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Infertility Cubby

IUI Process Explained
by Eric Daiter, MD

As couples exhaust their non-medical resources and steps toward conception prove futile, they often contact their trusted physician or other fertility expert for advice in what ways to proceed. For many, intrauterine insemination, or IUI, appears as a viable option and is one of the lesser-invasive procedures offered.

A first step in the IUI process involves tests that help provide a better prediction of what day a woman's egg is released. Ultrasounds can be used to monitor egg development within the ovarian follicles. Urine tests are used to identify and measure the luteinizing hormone levels that rise significantly in the hours preceding ovulation. These urine ovulation predictor tests may be administered at home and can be read by the couple trying to conceive.

After ovulation predictor kit analysis provides the best choice of days for the treatment, preparations will be made for that day. This involves readying the sperm to be used for insemination. This sperm will be examined and shown to be fertile through testing. It is also necessary to wash the sperm to remove any chemicals that might cause unwanted reactions within the woman's uterus. Often, antibiotics and protein supplements are added to the semen to enhance its viability and the seminal fluid is removed so that concentrated sperm is all that will be used for the procedure. This process of sperm washing is often very helpful in situations where the male partner possesses a low sperm count or the sperm is experiencing difficulty surviving its trip to the womb.

The IUI process is often used successfully in cases where the female does not possess a partner that will be supplying the sperm, but might be using instead sperm chosen from a bank of sperm donors. Once the sperm has been readied, on the designated day, the process will begin. If there exists a problem with a woman's ovulation, a doctor might feel the need to prescribe fertility drugs in order to amp up ovulation to release more eggs prior to the designated day. The sperm is inserted in the woman's uterus by way of a catheter. By placing the sperm nearer the eggs, the sperm is given a better chance to fertilize the egg and stimulate a successful implantation and pregnancy.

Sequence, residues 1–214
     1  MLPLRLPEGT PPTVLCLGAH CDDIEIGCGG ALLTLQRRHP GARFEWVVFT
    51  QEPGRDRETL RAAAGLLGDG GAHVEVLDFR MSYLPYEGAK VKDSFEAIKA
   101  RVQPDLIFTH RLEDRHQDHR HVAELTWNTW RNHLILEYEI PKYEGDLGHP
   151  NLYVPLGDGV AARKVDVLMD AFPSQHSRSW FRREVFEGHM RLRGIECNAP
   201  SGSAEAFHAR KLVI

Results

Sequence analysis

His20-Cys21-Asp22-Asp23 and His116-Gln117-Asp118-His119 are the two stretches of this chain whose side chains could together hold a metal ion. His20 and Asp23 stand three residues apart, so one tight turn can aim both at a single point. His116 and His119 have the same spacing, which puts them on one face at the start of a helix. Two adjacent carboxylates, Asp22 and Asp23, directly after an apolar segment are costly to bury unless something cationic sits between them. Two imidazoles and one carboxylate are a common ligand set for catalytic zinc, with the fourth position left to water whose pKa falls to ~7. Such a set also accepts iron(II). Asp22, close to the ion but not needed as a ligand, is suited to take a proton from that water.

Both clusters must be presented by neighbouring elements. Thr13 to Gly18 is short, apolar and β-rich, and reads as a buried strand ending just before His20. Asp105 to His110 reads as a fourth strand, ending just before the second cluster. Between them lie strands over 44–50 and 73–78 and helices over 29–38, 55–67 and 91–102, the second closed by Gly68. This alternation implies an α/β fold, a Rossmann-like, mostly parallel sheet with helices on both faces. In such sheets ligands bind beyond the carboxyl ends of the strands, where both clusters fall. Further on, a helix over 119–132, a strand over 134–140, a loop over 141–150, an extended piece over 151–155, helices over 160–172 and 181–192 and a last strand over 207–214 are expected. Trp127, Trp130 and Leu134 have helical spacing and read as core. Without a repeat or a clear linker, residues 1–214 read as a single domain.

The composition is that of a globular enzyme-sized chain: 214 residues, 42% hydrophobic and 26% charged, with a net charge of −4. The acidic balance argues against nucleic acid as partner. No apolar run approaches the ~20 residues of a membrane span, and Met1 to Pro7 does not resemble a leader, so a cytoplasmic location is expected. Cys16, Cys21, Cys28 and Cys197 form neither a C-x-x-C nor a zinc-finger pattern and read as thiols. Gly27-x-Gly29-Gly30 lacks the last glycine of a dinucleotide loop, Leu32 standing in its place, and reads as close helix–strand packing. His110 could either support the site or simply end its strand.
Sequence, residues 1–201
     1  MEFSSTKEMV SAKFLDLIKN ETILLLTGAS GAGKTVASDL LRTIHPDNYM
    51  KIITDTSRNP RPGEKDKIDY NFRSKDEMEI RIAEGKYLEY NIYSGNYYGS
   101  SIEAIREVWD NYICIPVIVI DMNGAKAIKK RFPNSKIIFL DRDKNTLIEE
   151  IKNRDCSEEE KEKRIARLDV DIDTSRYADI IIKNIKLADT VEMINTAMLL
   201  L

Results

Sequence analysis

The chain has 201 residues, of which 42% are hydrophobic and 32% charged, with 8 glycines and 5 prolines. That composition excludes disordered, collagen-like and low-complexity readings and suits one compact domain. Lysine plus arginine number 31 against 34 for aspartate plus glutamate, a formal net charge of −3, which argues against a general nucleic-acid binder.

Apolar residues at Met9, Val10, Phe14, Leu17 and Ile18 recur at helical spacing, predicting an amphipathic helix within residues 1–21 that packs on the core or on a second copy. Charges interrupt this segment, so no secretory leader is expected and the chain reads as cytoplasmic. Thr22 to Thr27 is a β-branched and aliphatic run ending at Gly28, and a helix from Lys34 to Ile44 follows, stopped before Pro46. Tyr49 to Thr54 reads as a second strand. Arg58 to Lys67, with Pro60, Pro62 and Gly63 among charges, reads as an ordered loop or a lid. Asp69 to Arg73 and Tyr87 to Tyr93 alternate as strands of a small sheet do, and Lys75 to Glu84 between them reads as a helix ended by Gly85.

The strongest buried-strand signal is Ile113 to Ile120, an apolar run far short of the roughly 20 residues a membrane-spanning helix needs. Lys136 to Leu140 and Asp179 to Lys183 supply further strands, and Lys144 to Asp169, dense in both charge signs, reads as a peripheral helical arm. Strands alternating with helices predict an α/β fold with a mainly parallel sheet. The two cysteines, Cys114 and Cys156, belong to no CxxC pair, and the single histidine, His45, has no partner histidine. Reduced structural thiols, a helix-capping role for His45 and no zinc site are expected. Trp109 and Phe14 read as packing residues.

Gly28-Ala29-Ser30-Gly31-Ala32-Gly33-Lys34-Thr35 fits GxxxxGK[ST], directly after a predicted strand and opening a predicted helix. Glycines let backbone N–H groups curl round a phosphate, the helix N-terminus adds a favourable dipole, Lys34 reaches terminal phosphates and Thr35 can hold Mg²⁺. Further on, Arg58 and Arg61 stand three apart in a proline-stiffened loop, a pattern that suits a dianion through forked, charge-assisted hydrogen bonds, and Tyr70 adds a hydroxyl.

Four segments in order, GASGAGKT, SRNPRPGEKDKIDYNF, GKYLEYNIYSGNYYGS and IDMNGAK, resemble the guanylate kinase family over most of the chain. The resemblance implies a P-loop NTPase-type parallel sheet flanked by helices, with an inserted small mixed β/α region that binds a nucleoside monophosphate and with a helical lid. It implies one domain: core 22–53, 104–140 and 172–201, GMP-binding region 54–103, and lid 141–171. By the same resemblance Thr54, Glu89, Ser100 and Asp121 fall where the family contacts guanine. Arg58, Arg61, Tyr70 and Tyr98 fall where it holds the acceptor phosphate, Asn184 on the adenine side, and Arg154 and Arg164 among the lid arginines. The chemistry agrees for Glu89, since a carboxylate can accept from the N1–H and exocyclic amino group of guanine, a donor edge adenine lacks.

Intrauterine insemination is often one of the first medical steps women choose because of its relative inexpensiveness as compared to in-vitro fertilization. IUI is less invasive, but is also proven less effective, with a success rate below 25%, where IVF has a success rate nearing 60%. It is best to contact a physician or fertility clinic in order to arrive at the best course of action.

About the Author:
Eric Daiter is the medical director of The NJ Center for Fertility and Reproductive Medicine, LLC, a leading NEW JERSEY INFERTILITY CENTER that offers a complete range of MALE INFERTILITY AND FEMALE INFERTILITY TREATMENT. For more information on The NJ Center for Fertility and Reproductive Medicine and Dr. Eric Daiter please visit www.drericdaitermd.com.

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